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Capsaicin And Sensory Neurones — A Review

M. Fitzgerald
Published 1983 · Medicine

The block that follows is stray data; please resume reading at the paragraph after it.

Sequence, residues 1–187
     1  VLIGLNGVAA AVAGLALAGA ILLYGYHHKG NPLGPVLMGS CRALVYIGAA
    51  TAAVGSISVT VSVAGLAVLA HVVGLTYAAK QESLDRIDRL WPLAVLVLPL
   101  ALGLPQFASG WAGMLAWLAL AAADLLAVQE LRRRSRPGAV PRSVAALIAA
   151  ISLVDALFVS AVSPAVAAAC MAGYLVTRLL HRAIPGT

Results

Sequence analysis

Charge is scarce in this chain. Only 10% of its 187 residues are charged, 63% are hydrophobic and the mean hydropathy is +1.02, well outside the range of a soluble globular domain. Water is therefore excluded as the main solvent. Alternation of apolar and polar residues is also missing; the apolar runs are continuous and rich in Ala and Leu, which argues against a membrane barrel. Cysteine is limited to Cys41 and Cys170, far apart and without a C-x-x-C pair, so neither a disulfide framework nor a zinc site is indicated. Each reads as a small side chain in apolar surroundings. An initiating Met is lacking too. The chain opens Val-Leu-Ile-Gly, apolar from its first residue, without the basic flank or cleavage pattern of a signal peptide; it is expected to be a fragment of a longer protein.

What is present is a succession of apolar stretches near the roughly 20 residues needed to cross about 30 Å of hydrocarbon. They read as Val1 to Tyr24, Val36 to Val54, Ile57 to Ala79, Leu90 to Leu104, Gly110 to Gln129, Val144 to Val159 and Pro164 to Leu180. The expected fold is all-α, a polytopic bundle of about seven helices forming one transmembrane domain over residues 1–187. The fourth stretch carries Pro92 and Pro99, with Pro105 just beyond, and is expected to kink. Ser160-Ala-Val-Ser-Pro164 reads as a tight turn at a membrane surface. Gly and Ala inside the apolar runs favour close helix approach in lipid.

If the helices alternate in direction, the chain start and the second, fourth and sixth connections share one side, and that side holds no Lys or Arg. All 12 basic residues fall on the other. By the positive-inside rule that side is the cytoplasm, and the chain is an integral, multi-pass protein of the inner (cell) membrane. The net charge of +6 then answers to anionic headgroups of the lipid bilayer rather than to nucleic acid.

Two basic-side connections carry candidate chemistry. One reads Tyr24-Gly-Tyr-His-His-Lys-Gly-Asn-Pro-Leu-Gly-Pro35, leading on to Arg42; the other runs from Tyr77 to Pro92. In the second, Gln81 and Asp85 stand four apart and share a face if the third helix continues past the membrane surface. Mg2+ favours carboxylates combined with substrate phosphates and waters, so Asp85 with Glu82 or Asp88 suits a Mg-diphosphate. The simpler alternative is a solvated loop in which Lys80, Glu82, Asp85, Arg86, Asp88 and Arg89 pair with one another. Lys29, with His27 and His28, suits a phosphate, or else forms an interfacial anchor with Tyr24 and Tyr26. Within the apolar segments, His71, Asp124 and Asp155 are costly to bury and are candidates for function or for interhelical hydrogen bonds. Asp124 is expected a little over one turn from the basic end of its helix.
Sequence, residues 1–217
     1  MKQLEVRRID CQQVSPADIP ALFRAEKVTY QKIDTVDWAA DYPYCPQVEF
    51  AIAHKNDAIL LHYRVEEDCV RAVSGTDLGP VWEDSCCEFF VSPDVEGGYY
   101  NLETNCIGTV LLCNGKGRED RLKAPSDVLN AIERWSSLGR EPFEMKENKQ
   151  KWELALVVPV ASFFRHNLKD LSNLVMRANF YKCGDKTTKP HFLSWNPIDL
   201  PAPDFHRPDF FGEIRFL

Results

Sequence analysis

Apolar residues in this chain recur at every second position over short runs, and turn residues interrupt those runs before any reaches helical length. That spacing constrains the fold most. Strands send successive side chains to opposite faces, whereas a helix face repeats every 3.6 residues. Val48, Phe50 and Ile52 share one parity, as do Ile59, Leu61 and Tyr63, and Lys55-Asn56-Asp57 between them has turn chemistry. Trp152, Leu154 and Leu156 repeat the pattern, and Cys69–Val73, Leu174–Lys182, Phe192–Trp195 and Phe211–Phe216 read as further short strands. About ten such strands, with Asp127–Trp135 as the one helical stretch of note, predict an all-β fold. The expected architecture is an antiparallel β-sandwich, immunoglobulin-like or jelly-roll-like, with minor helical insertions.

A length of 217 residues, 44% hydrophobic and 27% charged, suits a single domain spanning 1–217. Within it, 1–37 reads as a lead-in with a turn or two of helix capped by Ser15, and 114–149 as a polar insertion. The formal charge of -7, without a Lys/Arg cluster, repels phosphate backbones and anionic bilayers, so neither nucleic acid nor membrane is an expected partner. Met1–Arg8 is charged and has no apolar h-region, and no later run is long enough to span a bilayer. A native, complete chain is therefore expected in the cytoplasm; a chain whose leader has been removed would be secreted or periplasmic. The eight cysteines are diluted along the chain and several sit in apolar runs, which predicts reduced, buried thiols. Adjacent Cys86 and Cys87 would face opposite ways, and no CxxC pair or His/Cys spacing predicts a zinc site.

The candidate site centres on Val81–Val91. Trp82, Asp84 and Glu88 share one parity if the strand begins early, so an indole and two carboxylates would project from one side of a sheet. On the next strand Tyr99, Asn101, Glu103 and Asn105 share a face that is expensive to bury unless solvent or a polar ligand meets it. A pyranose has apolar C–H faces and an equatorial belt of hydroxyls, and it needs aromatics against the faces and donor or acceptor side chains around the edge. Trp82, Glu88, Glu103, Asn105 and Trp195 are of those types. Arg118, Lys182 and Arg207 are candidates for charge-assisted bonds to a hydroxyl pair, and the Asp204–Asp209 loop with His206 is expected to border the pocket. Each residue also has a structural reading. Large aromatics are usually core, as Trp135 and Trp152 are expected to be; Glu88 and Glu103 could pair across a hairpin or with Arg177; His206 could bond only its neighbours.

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In the late fifties and sixties Jancso published a series of papers on ‘the peculiar pharmacological effect of capsaicin Capsaicin or 8-methyl-N-vanillyi-6-nonenamide is the irritant compound in the capsicum plant (red pepper, chilli pepper, etc.). After initial violent irritation, capsaicin application renders animals and man insensitive to further noxious chemical stimuli. This desensitization can last for weeks or months following systemic administration in rats [47]. Despite this powerful effect, at that time, no clear-cut morphological lesion could be found to accompany it. In 1977, however, Jancso’s son and colleagues reported on the effects of capsaicin administered to neonatal rats. This was followed by a life-long insensitivity to chemical irritants accompanied by destruction of the small ‘B-type’ dorsal root ganglion cells [41]. It was this discovery that began a great surge of interest in the effects of capsaicin, in laboratories all over the world, producing the considerable amount of information that we have about its actions today. Its potential as a specific toxin for peripheral C fibres has made it of particular interest to neurobiologists concerned with pain mechanisms. This review was written as a result of a meeting on capsaicin in November 1981 at the Medical Research Council in London. At this meeting, neuroscientists of different disciplines who had used capsaicin in their research or studied its mode of action came together to discuss problems. Questions that arise out of the work so far, include: (1) Is the action of capsaicin on the peripheral nerve restricted to C fibres? (2) Does capsaicin have a direct effect on central nervous tissue? (3) Is capsaicin an axonal transport blocker? (4) What is the effect of capsaicin on nerve membrane? (5) Does capsaicin treatment result in analgesia? The following review shows to what extent we can answer these and other important questions about capsaicin. It is important too, in a general sense, to decide how useful a tool capsaicin is in understanding the nervous system and how much we have learnt from it so far. The review will be restricted almost completely to the somatosensory system. The effects of capsaicin on cardiovascular, respiratory, thermoregulatory and gastroin-
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